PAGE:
My Lords, just before I came into the Chamber this afternoon, I heard the very sad news that the principal of my old college, Sister Dorothy Bell, has died. I want to put on record that she was strong, compassionate, very funny and a great supporter of other women. She was a person I will never forget. She is now in Hansard—and, I am sure, in heaven.
I am delighted to be taking part in this year’s Lords debate to celebrate International Women’s Day. I thank the noble Baroness, Lady Williams of Trafford, for setting out the many positive initiatives that the Government have put forward or are supporting, especially on violence against women. However, like my noble friend Lady Gale I am dismayed that this might be the last such debate with us as members of the European Union, which has been the bedrock of women’s and family rights legislation for four decades.
We discuss the Irish backstop a great deal in this House, but the EU’s historic backstop in the protection of women’s workplace rights is a story still to be told. EU law underpins the Equality Act 2010, including rights to equal treatment for part-time workers, the majority of them women; to health and safety protection for pregnant workers; and to maternity leave, emergency time off for dependants, and parental leave. As chair of the Women’s Rights Committee in the European Parliament in the early 1990s when this country signed up to the maternity leave directive, I am inclined to take these issues personally. The TUC, the BMA and others have written to us setting out their concerns that while the Government have committed to maintaining equality rights and transposing other rights into UK law upon withdrawal from the EU, those rights could become vulnerable to amendment, narrower interpretation and weaker enforcement following Brexit. So for me, Brexit is no good for women.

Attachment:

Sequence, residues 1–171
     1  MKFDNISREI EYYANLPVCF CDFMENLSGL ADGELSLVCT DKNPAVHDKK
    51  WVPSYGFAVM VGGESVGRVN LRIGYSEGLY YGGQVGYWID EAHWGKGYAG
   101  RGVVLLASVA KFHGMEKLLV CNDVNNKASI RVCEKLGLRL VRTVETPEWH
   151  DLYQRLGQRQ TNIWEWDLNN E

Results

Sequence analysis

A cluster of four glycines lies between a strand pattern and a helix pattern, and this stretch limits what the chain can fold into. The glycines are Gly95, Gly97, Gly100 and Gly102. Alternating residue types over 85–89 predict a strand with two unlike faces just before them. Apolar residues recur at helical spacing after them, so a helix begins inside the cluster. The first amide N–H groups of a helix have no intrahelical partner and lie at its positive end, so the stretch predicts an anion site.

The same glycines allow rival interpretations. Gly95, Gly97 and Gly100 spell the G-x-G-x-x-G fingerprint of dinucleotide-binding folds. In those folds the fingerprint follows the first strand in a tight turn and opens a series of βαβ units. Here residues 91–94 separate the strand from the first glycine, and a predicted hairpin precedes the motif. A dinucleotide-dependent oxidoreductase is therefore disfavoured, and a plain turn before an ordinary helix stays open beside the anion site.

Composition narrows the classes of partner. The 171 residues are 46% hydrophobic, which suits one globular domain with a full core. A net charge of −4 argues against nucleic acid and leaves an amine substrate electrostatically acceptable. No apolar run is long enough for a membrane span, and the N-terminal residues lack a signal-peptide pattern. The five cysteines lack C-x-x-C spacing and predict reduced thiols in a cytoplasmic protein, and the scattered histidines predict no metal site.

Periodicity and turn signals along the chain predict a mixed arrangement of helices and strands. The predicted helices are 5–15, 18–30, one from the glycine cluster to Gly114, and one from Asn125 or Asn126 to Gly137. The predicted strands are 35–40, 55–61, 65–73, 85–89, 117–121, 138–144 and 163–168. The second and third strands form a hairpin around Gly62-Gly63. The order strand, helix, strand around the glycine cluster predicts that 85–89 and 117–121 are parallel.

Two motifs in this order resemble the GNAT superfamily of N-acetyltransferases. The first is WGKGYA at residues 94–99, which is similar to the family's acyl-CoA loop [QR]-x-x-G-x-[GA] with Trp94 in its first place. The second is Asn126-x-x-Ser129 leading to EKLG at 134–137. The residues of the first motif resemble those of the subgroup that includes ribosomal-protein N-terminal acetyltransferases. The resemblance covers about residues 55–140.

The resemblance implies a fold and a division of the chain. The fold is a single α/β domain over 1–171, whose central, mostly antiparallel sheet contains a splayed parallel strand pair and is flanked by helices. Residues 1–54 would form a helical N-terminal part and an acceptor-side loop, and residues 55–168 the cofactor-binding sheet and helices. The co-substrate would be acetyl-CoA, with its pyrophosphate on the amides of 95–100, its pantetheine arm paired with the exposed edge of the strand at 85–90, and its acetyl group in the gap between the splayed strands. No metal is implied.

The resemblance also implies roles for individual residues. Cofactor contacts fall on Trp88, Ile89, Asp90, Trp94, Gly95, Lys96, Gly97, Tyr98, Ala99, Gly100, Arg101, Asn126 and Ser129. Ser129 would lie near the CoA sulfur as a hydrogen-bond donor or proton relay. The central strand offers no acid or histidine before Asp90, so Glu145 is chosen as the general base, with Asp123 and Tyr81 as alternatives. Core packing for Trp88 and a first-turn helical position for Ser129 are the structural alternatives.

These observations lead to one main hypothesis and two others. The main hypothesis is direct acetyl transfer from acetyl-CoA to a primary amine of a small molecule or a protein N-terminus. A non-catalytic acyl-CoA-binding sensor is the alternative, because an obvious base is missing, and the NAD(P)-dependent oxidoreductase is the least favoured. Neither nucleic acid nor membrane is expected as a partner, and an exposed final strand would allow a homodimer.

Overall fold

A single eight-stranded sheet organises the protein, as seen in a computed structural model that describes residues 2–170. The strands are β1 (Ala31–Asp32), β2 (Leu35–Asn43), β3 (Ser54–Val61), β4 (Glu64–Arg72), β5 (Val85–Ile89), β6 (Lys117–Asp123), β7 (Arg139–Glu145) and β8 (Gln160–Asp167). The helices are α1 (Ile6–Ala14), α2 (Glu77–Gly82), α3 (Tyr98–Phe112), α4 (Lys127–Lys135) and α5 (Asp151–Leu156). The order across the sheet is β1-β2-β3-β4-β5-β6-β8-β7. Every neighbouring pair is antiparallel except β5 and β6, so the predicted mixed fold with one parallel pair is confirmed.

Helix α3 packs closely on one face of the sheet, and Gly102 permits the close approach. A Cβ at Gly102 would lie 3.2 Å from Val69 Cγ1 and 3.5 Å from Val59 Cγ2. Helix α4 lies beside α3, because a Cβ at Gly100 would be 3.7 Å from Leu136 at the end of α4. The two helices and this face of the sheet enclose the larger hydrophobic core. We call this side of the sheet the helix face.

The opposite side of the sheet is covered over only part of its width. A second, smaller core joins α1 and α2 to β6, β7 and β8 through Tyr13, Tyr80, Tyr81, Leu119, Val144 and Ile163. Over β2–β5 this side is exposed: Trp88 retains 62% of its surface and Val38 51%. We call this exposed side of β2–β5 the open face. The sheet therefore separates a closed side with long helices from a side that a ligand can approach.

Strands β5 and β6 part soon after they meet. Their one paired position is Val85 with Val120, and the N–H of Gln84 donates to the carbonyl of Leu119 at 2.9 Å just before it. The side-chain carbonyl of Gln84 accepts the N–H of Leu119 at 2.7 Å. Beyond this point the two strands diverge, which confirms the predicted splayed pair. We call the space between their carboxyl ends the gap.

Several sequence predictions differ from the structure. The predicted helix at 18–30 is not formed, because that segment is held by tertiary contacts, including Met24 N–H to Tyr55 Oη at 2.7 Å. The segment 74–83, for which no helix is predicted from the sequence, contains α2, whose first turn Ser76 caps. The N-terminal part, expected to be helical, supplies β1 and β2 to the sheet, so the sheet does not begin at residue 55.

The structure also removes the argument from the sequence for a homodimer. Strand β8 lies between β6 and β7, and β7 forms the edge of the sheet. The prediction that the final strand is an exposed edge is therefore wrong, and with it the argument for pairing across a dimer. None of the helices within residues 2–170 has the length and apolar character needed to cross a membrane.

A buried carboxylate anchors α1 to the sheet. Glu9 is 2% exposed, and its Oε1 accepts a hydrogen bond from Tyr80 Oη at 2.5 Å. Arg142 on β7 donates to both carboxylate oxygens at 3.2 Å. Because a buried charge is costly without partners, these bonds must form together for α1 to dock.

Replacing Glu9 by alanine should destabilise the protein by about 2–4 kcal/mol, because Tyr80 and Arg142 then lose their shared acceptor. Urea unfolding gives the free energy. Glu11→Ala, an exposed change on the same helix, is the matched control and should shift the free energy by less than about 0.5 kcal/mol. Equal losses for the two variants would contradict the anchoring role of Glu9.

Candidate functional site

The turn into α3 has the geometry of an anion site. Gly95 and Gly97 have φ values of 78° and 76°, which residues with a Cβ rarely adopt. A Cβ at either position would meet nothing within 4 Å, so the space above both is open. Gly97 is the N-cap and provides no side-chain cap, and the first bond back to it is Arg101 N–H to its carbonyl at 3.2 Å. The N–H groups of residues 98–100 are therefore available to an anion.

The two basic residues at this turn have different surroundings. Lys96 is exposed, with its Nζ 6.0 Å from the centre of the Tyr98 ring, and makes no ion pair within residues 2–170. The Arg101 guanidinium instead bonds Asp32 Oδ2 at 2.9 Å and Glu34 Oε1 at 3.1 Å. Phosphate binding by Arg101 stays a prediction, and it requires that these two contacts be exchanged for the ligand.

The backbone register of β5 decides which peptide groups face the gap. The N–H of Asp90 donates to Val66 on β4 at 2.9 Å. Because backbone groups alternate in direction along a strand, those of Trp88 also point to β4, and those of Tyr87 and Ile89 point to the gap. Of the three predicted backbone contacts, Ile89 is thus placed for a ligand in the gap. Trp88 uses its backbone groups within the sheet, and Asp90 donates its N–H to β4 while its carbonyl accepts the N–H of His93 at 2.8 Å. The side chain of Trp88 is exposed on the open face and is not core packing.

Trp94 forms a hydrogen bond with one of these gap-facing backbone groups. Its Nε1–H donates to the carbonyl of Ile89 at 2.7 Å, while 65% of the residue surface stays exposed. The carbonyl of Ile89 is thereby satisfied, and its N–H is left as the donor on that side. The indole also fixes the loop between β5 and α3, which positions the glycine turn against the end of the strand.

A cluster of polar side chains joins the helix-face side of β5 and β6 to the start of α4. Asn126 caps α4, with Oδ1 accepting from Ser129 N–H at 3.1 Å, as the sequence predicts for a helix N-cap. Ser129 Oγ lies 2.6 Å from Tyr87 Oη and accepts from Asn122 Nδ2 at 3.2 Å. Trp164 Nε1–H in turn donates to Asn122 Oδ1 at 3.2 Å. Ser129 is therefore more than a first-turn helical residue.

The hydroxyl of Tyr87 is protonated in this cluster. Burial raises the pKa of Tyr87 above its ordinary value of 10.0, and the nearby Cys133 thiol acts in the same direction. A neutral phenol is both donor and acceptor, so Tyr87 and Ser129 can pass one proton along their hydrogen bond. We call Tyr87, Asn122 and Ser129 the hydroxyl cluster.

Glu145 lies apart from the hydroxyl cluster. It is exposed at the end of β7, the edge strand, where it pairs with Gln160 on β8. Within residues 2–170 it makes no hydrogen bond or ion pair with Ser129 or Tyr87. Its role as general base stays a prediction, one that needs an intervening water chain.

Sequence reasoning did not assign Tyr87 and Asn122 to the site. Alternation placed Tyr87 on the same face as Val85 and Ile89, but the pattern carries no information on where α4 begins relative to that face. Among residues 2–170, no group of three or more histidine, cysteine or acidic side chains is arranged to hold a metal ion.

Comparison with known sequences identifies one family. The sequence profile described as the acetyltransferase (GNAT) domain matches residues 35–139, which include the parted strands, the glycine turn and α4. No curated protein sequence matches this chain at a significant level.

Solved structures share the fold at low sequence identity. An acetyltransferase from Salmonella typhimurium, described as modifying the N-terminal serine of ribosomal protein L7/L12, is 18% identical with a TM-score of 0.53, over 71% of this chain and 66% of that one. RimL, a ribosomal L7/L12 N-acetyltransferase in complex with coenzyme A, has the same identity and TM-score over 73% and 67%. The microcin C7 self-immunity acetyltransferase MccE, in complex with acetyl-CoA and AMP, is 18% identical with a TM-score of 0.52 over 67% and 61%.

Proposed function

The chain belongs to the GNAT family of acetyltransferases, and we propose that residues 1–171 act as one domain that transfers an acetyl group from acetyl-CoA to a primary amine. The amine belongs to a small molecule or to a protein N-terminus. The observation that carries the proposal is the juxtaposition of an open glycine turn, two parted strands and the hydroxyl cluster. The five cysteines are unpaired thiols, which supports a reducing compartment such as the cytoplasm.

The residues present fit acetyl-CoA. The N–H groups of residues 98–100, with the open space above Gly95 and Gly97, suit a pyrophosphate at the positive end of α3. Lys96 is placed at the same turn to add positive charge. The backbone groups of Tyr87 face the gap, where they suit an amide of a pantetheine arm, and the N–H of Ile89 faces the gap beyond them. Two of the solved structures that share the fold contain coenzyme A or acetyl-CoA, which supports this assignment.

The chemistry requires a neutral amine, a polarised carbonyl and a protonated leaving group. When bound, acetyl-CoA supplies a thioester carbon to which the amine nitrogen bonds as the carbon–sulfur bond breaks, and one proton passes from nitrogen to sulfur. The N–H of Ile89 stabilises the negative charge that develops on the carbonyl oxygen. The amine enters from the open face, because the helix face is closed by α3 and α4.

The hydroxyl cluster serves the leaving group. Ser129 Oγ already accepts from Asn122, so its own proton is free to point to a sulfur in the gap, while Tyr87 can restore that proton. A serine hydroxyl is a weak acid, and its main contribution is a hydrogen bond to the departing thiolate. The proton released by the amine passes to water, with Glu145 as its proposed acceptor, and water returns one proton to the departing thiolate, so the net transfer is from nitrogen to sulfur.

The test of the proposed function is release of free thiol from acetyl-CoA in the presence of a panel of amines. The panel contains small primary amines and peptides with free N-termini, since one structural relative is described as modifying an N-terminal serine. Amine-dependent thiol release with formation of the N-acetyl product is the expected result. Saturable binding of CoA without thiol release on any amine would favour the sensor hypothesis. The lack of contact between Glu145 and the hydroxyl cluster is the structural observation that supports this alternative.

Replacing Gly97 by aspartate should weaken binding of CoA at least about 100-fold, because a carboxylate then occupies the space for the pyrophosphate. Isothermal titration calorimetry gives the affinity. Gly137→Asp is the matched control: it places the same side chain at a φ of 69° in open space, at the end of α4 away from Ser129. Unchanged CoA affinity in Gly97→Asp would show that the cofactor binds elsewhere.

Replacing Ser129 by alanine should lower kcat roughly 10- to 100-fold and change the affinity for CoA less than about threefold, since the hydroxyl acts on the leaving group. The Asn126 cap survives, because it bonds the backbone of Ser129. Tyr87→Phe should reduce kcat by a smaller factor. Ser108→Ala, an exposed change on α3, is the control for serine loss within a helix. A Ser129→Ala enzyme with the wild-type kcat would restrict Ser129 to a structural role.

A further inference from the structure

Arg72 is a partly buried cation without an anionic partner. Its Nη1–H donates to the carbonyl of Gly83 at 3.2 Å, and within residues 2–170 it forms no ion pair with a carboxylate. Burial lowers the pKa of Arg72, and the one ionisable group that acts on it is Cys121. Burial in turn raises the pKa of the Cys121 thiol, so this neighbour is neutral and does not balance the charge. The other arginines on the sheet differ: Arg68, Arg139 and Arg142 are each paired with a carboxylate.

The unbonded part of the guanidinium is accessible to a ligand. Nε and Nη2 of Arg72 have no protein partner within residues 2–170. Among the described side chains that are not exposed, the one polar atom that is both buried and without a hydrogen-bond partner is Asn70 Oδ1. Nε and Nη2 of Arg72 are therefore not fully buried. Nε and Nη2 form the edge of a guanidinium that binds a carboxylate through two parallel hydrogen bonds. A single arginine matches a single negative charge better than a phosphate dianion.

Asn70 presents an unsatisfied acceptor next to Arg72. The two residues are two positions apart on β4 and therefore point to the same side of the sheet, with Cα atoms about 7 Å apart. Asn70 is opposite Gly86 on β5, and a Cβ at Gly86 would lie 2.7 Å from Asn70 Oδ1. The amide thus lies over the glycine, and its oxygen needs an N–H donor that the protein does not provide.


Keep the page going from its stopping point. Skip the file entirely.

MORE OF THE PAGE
It is inspiring to think that debates such as ours today are taking place in Parliaments all around the world this week—from countries where voting rights for women are over a century old to those where women have only just won the vote. As I understand it, one of the themes this year is the need to highlight the gender digital divide. That divide is highlighted in the research by our own excellent Lords Library for this debate, which says that an analysis of world labour markets in 2018 by the World Economic Forum,
“focused specifically on the gender gap in artificial intelligence … It found that, globally, 22% of AI professionals were female, compared to 78% who were male. This produced a gender gap of 72%; the WEF stated this remained constant and ‘does not at present indicate a positive future trend’. The study ranked the UK 10th globally for its AI talent pool, with 20% female”.
Three worrying future trends come out of these figures. First, the AI skills gender gap may exacerbate the gender gaps in economic participation and opportunity for women, as AI represents an increasingly in-demand skillset. Secondly, the AI skills gender gap implies that general-purpose technology across various fields is being developed without women’s talent, so limiting its innovative and inclusive capacity. Thirdly, the low integration of women into artificial intelligence talent pools represents such a missed opportunity in a sector where there is insufficient supply of adequately qualified talent. Some estimates tell us that by 2030, up to 9 million people’s jobs will be replaced by AI. It is the future, whether we like it or not, and not enough women and girls are creating that future. I would like to hear what the noble Baroness, Lady Vere, has to say—I am sure she is as concerned as we are about these figures—and what she believes the Government can do about it.